Three UNSW Canberra researchers have been recognised by the International Research Society for Public Management (IRSPM) for their excellence in public sector research on women in public administration.

Associate Professor Sue Williamson, Dr Helen Taylor and Dr Vindhya Weeratunga were awarded the IRSPM Rosemary O’Leary Prize for their article “Working from home during COVID-19: What does this mean for the ideal worker norm?”, published in Gender, Work and Organization in 2023.

The award was established in 2019 to recognise excellent scholarship on women in public administration. This is the second time Associate Professor Williamson has won the award, having previously won in 2021.

The IRSPM said the winning article particularly stood out for “its scholarly rigour and innovation”.

“It makes an important, evidence-based contribution to reducing harmful gendered workplace practices which has the potential to substantially progress gender equality,” the organisation said.

The researchers, from the UNSW Canberra School of Business, examined survey data from almost 5000 Australian public servants and found that hybrid working offered great benefits to women, especially those with a disability or with caring responsibilities.

They also looked at the concept of the “ideal worker”, which traditionally refers to a man who works long hours, has a ‘wife’ to look after family and domestic duties, and is constantly available and highly productive.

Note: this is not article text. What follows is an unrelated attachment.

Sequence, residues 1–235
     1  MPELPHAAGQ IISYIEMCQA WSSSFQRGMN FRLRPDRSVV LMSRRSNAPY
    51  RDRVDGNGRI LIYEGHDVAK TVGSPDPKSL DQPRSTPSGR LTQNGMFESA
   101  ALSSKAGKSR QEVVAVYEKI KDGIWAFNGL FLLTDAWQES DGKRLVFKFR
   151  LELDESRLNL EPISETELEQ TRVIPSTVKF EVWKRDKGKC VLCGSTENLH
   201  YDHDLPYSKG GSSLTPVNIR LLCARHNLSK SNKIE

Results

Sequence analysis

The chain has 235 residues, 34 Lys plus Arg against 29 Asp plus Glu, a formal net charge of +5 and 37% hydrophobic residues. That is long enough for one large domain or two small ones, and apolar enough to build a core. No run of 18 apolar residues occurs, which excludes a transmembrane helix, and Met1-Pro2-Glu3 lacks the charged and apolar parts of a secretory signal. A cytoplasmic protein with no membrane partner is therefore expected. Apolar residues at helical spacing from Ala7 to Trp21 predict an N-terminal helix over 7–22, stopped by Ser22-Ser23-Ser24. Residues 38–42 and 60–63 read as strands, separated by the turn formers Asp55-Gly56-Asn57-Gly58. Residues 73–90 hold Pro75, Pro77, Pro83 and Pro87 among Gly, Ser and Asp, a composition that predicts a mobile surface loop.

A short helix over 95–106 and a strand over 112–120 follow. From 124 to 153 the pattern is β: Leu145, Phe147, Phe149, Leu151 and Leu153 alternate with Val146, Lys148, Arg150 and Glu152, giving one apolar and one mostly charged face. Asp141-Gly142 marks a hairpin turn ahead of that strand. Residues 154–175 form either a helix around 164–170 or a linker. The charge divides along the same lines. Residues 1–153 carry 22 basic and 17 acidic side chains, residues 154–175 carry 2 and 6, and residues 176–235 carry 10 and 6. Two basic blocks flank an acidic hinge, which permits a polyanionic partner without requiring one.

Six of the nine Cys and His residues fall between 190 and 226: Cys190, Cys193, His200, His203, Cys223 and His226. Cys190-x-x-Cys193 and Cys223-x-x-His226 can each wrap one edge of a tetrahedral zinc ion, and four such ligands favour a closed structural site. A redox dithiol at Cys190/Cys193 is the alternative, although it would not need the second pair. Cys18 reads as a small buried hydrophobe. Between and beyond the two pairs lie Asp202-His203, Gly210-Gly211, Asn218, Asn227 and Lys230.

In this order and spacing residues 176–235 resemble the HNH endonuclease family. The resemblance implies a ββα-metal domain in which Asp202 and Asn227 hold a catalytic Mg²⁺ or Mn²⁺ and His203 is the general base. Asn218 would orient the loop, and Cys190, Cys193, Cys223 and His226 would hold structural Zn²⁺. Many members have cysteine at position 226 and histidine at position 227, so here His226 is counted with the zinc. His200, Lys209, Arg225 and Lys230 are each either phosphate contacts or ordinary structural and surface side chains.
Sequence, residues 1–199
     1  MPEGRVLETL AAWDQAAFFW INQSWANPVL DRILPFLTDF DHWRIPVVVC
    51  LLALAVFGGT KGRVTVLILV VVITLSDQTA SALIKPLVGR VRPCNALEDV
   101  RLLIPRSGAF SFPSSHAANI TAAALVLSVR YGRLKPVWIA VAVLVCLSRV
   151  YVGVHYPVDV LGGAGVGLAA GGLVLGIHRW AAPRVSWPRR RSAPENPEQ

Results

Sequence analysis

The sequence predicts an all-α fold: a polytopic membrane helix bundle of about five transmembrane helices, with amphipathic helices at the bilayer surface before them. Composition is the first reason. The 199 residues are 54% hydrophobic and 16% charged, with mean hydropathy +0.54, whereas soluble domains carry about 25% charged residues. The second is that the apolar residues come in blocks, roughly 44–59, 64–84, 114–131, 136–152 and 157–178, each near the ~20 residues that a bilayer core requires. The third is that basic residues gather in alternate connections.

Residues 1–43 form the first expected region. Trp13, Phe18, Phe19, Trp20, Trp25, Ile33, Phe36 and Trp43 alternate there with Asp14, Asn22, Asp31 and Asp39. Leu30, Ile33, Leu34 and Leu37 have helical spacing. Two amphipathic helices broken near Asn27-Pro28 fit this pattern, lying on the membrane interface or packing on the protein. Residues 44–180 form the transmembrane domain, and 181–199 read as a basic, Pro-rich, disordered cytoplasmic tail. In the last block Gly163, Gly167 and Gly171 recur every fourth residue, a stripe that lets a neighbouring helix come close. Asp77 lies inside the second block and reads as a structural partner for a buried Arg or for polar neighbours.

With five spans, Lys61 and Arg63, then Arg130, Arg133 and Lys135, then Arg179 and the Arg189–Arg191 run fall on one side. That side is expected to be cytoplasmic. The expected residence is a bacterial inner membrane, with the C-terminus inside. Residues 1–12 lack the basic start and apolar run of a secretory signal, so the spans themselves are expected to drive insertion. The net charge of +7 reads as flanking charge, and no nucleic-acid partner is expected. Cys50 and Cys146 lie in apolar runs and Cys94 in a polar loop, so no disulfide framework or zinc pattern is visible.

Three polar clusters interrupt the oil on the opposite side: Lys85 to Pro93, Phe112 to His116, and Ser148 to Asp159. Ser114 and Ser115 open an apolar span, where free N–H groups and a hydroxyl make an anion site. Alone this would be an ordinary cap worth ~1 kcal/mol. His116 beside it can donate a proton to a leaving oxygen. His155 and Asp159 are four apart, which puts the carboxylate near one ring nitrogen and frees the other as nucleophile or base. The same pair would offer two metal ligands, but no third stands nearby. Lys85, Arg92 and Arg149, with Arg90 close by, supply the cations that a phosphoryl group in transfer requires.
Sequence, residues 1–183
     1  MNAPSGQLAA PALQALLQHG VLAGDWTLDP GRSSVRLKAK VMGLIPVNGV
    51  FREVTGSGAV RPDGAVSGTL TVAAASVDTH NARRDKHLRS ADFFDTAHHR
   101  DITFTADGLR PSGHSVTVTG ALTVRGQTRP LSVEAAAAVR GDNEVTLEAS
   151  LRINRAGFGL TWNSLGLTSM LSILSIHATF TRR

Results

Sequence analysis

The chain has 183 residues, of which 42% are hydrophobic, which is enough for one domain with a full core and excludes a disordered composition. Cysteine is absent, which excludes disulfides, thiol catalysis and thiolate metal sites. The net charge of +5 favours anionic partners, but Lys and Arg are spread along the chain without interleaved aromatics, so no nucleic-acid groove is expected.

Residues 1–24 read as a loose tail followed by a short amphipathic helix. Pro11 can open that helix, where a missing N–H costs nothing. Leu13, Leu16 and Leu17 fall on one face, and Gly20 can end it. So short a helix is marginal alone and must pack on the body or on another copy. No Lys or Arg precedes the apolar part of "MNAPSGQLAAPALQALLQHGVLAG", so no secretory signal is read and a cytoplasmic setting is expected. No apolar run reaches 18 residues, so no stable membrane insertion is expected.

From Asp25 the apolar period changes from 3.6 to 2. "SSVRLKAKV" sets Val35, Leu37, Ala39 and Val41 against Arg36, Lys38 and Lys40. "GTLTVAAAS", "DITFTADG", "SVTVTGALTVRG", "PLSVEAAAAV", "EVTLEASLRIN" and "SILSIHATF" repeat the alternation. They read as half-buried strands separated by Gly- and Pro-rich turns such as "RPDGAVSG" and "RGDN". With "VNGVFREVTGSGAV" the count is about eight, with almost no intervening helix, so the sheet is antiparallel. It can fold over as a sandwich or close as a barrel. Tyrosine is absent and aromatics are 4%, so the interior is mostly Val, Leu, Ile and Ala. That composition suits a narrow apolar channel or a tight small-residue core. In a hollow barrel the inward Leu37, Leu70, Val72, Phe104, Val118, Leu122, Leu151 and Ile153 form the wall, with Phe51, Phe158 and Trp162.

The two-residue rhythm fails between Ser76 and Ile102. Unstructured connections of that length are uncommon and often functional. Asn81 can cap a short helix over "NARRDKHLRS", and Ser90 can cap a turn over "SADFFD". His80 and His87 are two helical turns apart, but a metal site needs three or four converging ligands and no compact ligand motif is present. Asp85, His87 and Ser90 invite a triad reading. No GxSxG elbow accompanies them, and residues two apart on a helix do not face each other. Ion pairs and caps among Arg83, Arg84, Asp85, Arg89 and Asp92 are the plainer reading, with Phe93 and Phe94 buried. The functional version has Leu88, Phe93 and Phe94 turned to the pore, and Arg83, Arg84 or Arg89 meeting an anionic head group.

But this research showed that women who worked from home were significantly more productive and better able to balance their work and outside responsibilities. Their productivity more closely resembled that of the “ideal worker” and demonstrates to employers that offering hybrid work will benefit them and their employees.

Associate Professor Williamson said she and her colleagues were honoured to receive the award.

“It’s especially pleasing to be recognised by our academic peers from across the world,” she said.

“The pandemic completely changed workplaces and the way people work and these will likely never return to how they were. Our research shows that’s a good thing.

“Hybrid work allows more people, particularly those who might have been underutilised or held back before, to contribute in more significant ways, while also better managing their needs and responsibilities outside work.”

Associate Professor Williamson also cautioned however, that the ideal worker norm creates harmful workplace behaviours, such as working long hours. But with various groups of women showing they can be ideal workers, the norm is starting to lose currency, which can only be positive for employees.